• Competitiveness
    The business environment is extremely competitive, with many domestic and foreign firms, so a company needs to present an extraordinarily strong value proposition when it approaches potential customers. If it’s not clear on its value proposition, and if it doesn’t communicate that proposition in a powerful way, it’s unlikely to succeed in the Chilean market.

  • Business culture
    Chile’s business culture is highly conservative, and its businesspeople are more cautious than their counterparts elsewhere in Latin America. Negotiating contracts can take more time than you expect, since your Chilean customers and their lawyers will closely scrutinize the wording of every clause.

    The regulatory regime is complex, and you can expect delays in processing government-mandated paperwork and obtaining approvals and permits. If you’re selling to the government, be aware that the procurement process is slow.

  • Security concerns
    Security has become an issue, especially in the large cities. This concern has increased progressively over the past 10 years. This hasn’t yet, however, affected foreign investment.
Drone view of harbour and cityscape of Valparaiso, Chile

Market entry

A Canadian company entering an overseas market for the first time needs to be well-prepared, and Chile is no exception. Some things to be aware of include:

  • Learn about the market
    You will need advice and information, both general and specific, on the Chilean market. This can be obtained from the so-called “Team Canada” on the ground, led by the Canadian Embassy in Santiago, the Trade Commissioner Service, and EDC, all of whom are familiar with Chile, with the business law and with doing business in this exciting and vibrant market. Investors and exporters alike should carry out rigorous due diligence on potential Chilean partners.

  • Identify the local players
    Some Chilean sectors are populated mainly by large international companies. If you’re a Canadian exporter or investor operating in one of these sectors, you’ll likely be dealing with a few large buyers that have extensive control of the market. Be prepared to use different business strategies depending on whether you’re selling to large companies that export most of their production internationally, or to smaller players that operate mainly in Chile’s domestic market.

  • Use our bilateral agreements
    Be sure to take advantage of the CCFTA when you’re exporting to Chile. Also be aware that there’s a double taxation agreement that prevents Canadian companies operating in Chile from being taxed in both countries.

  • Establish a local presence
    If you’re supplying goods to Chilean buyers, you should have a local presence, either in the form of an affiliate or through a Chilean partner such as an agent or dealer. This is a prerequisite for success, since Chilean buyers expect to have local on-demand service for maintenance, repair, training or other purposes. It’ll be difficult for a Canadian company to operate successfully in Chile without having either a direct presence in the market or a local partner.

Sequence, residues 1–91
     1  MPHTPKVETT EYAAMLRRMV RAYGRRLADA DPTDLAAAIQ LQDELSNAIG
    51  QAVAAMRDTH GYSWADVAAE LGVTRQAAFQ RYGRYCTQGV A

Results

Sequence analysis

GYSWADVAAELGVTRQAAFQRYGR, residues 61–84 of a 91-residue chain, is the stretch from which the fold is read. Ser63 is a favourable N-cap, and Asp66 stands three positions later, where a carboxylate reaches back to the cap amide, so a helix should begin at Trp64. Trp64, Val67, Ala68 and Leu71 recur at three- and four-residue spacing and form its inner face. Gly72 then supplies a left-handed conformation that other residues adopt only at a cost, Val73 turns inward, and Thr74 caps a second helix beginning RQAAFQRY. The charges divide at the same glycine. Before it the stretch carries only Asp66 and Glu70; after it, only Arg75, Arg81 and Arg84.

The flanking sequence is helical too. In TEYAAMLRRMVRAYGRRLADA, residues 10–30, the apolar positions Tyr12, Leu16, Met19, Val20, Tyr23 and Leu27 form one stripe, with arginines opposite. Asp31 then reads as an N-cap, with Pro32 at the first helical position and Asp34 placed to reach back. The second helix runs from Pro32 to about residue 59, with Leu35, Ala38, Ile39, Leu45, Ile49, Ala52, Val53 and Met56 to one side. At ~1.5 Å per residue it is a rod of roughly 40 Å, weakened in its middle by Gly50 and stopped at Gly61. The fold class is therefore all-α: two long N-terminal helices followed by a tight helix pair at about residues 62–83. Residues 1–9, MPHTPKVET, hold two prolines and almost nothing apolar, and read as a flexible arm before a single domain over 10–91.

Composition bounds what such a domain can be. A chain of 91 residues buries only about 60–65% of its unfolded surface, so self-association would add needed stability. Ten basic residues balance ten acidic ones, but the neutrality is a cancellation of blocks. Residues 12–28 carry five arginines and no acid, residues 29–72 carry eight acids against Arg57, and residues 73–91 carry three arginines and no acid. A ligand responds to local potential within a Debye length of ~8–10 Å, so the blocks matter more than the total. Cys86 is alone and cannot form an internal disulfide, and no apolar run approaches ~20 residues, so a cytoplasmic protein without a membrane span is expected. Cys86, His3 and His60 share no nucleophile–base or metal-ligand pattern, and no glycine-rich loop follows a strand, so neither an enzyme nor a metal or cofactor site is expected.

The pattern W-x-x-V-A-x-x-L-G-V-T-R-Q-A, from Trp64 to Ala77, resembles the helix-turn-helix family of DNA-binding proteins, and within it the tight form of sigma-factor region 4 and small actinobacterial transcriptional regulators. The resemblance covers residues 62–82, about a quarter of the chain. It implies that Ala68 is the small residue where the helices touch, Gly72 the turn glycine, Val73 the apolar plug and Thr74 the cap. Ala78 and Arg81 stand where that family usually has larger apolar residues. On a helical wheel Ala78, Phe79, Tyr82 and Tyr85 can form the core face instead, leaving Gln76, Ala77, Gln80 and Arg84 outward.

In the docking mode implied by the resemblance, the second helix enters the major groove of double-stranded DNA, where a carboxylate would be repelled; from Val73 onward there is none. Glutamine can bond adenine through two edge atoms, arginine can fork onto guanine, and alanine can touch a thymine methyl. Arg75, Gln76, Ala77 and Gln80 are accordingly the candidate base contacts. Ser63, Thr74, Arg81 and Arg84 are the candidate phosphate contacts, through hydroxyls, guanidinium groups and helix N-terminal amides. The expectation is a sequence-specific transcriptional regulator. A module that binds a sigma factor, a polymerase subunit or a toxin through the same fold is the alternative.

• Prepare environmental, social, and governance (ESG) strategies
    Chile’s ESG framework is stringent, so your company will need to have a strong ESG program in place before it can enter the market. Chilean companies will expect you to arrive already prepared to comply with the particular ESG requirements of their sector.

    Santiago Ribadeneira, EDC senior environmental and social advisor, says you’ll need to understand the relevant ESG requirements before venturing to Chile, whether they be environmental, social, health, safety or other specific certifications.He also urges Canadian exporters to have a company ESG framework to accommodate these requirements, and a strategy for implementing them in Chile.

    “Note that your Chilean customer won’t help you with this. They see it as your responsibility and will expect you to be compliant when you arrive. If you don’t have a clearly articulated ESG framework and implementation strategies to match, you won’t likely be able to operate in Chile,” Ribadeneira says.

    There are certain sectors, especially the extractive ones, where this is especially important. Every mining company, for example, is signatory to several international standards. If your firm has already achieved certification under these standards, you’ll have a competitive advantage over companies that haven’t.

    Finally, a Chilean company will normally do very careful due diligence on a Canadian firm’s ESG policies and behaviour before it considers a business relationship. If you’re working on a deal, you can expect to undergo close scrutiny from your potential Chilean buyer about your ESG capabilities.

How EDC can help

If you need to know more about doing business in Chile, talk to us at EDC. We can help you:

  • find the experts you need
  • set up a visit to the country
  • understand the culture and your Chilean counterparts
  • do due diligence on your counterparts, their ESG status and their potential liabilities
  • check on the reputation of potential partners
  • check on regulations and laws that may apply to your exports or investments

You can also:

And don’t forget to connect with our partners, the Canadian Trade Commissioner Service and the Chilean—Canadian Chamber of Commerce (English translation available).




Date modified: 2024-06-03